A twin study of human obesity

JAMA. 1986 Jul 4;256(1):51-4.


Height, weight, and body mass index (BMI) were assessed in a sample of 1974 monozygotic and 2097 dizygotic male twin pairs. Concordance rates for different degrees of overweight were twice as high for monozygotic twins as for dizygotic twins. Classic twin methods estimated a high heritability for height, weight, and BMI, both at age 20 years (.80, .78, and .77, respectively) and at a 25-year follow-up (.80, .81, and .84, respectively). Height, weight, and BMI were highly correlated across time, and a path analysis suggested that the major part of that covariation was genetic. These results are similar to those of other twin studies of these measures and suggest that human fatness is under substantial genetic control.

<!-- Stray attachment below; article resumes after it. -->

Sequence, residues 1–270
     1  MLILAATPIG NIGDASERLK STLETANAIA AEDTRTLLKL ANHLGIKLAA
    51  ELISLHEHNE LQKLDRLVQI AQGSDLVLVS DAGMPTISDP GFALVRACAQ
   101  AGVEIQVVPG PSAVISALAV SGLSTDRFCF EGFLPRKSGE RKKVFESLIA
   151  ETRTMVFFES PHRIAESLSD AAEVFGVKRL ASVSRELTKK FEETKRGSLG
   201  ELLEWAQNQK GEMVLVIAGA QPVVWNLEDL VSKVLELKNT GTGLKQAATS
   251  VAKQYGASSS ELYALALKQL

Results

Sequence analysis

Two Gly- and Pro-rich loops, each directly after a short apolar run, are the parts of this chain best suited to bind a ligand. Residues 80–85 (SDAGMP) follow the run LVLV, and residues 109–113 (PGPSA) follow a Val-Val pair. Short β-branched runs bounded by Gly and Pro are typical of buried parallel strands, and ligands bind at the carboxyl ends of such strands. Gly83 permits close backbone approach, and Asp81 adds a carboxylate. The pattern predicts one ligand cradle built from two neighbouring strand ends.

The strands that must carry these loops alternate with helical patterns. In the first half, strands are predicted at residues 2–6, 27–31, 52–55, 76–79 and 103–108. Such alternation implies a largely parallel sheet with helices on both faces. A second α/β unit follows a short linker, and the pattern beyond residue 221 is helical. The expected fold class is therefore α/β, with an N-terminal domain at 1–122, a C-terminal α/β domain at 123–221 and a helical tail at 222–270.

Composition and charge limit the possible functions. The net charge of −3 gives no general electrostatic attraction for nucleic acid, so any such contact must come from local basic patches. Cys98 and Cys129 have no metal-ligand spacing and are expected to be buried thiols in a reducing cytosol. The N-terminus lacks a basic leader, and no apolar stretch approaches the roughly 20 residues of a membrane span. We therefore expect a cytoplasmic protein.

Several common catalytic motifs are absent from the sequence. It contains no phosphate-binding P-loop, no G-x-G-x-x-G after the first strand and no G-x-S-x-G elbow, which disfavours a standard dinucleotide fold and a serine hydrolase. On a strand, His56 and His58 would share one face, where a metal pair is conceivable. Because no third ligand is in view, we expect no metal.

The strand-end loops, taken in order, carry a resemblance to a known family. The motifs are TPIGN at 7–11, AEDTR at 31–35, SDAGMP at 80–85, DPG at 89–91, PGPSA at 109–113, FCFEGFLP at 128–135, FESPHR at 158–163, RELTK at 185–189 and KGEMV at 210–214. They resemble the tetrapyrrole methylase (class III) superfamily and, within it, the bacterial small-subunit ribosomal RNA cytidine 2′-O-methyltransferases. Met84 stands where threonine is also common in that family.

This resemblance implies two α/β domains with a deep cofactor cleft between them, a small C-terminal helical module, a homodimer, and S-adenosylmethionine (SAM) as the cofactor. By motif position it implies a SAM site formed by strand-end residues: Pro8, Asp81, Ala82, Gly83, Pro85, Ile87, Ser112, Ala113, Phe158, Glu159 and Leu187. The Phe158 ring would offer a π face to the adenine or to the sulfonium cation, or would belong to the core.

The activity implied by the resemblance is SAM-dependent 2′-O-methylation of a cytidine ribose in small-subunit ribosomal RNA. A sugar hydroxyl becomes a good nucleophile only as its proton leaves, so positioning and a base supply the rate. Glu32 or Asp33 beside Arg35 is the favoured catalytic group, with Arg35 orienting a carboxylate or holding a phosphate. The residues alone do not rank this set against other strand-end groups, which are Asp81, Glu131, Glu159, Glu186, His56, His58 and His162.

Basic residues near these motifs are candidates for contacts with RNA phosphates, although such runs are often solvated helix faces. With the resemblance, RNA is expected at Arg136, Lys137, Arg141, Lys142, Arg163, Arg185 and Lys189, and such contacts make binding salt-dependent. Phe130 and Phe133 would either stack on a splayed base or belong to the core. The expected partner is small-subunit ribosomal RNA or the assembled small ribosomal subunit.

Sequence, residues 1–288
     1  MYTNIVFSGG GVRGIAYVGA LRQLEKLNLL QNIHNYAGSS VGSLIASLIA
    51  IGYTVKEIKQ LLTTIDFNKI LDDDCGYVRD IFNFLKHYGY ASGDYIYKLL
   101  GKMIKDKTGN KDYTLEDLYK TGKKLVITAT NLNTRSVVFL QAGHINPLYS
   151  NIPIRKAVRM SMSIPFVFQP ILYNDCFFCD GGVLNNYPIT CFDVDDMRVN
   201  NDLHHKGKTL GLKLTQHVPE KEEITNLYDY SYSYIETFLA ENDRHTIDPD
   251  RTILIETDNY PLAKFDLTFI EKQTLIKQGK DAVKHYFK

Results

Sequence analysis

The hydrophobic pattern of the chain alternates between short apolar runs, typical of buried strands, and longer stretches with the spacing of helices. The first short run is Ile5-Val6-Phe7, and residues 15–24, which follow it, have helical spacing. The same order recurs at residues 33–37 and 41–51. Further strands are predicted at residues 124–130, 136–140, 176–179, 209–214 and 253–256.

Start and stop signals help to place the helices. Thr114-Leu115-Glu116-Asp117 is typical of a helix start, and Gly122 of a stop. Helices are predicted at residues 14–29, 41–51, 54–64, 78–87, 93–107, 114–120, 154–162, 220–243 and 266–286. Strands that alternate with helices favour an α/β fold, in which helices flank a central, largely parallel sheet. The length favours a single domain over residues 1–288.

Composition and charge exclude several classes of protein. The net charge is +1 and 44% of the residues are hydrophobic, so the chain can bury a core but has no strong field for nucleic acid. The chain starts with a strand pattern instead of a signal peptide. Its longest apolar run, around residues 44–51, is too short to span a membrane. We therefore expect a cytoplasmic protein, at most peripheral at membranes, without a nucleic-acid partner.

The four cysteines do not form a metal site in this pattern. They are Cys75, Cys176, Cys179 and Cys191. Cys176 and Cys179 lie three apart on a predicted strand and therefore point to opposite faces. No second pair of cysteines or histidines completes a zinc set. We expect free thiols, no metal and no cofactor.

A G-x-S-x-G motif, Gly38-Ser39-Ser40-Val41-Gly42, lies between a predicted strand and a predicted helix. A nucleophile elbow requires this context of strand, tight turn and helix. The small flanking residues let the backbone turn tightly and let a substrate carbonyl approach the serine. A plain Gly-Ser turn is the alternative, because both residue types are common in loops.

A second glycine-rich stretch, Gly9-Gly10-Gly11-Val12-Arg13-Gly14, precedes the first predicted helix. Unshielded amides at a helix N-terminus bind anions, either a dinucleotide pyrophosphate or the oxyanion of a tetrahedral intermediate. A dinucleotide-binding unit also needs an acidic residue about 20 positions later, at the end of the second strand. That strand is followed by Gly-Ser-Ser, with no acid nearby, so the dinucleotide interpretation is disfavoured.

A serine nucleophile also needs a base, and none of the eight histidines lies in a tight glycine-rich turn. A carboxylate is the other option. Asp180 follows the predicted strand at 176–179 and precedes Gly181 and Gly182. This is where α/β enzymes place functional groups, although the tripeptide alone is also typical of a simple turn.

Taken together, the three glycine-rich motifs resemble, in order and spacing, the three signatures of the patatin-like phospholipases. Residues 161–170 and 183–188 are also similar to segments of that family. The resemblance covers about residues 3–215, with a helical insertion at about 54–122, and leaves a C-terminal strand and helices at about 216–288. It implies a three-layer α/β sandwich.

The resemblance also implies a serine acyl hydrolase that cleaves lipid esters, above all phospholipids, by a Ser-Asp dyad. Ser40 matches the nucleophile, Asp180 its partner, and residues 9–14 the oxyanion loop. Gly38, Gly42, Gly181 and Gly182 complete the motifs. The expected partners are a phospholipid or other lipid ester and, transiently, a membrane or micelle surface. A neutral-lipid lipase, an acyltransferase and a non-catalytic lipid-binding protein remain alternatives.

Publication types

  • Research Support, U.S. Gov't, P.H.S.

MeSH terms

  • Adult
  • Body Height
  • Body Weight
  • Diseases in Twins*
  • Follow-Up Studies
  • Humans
  • Male
  • Mathematics
  • Military Personnel
  • National Academy of Sciences, U.S.
  • Obesity / genetics*
  • Registries
  • Twins, Dizygotic
  • Twins, Monozygotic
  • United States